There is both a thematic and technical through-line to these films. Thematically, none play as straight horror. There are no chilling moments as in The Exorcist or Halloween. Certainly, some have their fear factor, but they pivot with an askew perspective, a sort of humor that is sometimes intended and sometimes not.
One reason for such sequences of unintentional hilarity is the technical similarity of these films. They were all shot on film. The video was in its early stages and resulted in an unsuitable image for any film hoping to entertain commercial prospects. Shooting on film requires a modicum of money and talent. Film costs money and runs out. It costs more money to develop it. You need to know how to light and expose film and how to focus your image. There is also the added issue of not immediately knowing the quality of the images just shot.
The inherent quirks and flaws of these films help breathe some life into the pictures. That’s part of why fans love to revisit these films. Hollywood and Hollywood-adjacent horror output of recent years is often just as goofy and dumb as these homemade oddities, but they tend to look slick and polished. And we tend to watch and forget them. Consume and dispose. Whereas the makers of Fatal Exam had to live with numerous out-of-focus images, the modern filmmaker can instantly rewatch a take and, at no additional film cost (just a bit of extra space on their hard drive), they can redo it if they’re not satisfied.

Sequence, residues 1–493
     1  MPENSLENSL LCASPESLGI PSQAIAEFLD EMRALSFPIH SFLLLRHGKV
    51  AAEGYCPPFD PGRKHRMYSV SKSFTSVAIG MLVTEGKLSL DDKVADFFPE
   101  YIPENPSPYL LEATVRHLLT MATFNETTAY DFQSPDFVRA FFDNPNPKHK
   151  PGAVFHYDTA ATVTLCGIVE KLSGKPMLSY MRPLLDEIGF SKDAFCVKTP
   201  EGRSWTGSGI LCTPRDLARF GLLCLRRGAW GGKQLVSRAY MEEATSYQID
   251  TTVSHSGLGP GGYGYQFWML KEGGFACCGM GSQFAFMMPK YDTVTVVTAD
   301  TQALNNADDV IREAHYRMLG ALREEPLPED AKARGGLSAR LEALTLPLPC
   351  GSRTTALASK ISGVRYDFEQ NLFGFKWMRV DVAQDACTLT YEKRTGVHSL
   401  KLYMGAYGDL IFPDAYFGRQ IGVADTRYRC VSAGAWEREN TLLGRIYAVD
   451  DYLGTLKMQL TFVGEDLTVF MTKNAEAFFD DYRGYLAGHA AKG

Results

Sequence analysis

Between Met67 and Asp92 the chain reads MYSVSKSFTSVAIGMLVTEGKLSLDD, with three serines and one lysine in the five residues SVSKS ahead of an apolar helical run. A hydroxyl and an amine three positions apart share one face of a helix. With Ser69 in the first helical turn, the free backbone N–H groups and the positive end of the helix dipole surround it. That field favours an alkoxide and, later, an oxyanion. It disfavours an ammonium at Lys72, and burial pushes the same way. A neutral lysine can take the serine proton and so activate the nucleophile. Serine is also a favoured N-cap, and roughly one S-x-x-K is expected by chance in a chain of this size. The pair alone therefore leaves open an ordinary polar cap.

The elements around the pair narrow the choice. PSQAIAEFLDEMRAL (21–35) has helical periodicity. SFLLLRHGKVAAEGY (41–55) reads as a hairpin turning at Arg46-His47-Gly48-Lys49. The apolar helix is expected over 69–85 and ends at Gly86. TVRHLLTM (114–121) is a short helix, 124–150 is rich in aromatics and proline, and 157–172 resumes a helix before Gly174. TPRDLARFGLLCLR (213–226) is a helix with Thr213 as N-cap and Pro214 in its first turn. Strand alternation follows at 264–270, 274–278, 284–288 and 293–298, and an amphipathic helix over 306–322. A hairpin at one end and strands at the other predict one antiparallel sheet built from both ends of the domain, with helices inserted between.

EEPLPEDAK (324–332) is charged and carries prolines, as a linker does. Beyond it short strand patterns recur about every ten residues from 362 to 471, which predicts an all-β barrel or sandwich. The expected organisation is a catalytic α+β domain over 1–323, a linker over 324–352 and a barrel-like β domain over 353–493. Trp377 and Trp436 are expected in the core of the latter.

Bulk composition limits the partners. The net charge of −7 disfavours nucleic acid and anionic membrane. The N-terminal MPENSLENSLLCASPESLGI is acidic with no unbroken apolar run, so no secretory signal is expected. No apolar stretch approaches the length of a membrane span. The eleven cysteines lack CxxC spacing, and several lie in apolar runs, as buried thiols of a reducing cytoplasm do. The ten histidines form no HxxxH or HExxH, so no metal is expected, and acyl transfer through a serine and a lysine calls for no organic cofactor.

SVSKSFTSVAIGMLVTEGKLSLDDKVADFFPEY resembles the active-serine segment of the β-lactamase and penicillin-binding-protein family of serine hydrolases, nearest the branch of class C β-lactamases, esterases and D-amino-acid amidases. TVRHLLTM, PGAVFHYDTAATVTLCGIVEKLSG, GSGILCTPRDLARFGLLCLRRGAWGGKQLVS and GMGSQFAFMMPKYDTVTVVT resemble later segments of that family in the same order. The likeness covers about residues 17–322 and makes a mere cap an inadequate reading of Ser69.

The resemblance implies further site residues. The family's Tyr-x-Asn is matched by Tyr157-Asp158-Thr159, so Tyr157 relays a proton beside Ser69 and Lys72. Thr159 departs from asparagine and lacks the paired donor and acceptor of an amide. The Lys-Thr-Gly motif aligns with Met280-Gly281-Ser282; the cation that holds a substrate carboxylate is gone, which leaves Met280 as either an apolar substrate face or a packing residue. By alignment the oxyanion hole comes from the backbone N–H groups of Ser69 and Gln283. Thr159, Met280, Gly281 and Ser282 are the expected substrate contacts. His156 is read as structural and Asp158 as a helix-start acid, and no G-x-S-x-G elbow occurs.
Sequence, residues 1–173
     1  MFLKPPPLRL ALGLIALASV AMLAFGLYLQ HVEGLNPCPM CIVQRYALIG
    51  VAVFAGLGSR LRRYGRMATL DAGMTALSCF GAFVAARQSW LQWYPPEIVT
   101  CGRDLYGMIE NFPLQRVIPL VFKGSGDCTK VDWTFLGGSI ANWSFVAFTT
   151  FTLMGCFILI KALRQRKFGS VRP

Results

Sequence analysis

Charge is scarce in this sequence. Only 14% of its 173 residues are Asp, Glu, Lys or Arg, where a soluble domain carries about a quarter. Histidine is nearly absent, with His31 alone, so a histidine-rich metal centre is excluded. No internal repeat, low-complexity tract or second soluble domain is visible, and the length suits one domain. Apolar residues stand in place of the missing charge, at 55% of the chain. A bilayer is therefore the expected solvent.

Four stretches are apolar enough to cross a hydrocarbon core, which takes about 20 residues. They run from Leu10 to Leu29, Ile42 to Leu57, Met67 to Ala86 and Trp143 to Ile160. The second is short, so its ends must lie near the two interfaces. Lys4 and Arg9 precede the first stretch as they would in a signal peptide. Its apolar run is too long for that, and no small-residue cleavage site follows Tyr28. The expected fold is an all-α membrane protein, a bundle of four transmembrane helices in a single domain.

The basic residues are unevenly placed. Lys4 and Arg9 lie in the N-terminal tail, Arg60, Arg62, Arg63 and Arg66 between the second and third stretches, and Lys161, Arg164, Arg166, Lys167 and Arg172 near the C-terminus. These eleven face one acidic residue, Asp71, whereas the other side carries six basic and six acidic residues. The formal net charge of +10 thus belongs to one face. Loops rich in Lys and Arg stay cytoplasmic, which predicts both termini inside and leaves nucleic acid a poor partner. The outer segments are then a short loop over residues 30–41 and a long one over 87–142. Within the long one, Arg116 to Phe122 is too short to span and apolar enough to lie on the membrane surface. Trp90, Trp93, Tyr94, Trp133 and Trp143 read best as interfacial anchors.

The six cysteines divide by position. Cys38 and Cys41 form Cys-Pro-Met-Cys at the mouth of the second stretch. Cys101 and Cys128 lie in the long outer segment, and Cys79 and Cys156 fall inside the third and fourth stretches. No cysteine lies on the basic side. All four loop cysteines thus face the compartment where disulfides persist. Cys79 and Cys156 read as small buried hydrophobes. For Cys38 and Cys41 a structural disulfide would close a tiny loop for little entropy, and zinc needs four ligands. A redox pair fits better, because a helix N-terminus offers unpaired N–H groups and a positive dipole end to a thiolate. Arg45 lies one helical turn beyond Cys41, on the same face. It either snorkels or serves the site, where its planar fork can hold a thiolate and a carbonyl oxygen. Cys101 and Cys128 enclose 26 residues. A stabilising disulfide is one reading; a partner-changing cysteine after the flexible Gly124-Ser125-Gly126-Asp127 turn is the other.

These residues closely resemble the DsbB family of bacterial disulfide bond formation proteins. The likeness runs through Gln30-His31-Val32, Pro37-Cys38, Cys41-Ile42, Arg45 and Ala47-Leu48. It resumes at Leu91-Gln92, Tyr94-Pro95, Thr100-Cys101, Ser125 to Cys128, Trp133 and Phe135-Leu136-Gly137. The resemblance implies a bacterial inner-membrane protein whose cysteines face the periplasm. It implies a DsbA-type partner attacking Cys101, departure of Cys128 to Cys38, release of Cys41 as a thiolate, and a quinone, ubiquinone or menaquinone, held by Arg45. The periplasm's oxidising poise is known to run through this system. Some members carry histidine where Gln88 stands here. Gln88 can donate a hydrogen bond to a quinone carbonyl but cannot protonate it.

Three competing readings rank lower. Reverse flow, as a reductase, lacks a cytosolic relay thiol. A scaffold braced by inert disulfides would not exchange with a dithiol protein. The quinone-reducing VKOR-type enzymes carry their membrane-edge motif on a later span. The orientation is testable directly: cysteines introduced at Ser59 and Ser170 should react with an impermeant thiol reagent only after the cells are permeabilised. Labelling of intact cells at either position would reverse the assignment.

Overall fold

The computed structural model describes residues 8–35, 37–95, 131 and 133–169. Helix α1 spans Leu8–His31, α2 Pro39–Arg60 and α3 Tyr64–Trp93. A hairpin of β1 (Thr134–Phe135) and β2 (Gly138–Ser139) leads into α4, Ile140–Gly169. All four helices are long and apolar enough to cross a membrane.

One might then think the allure of the homemade movie has since passed on. We now have more films than ever, but they tend to either be good, merely okay or all too often, complete trash with no redeeming values because they can be done cheaply and quickly forgotten.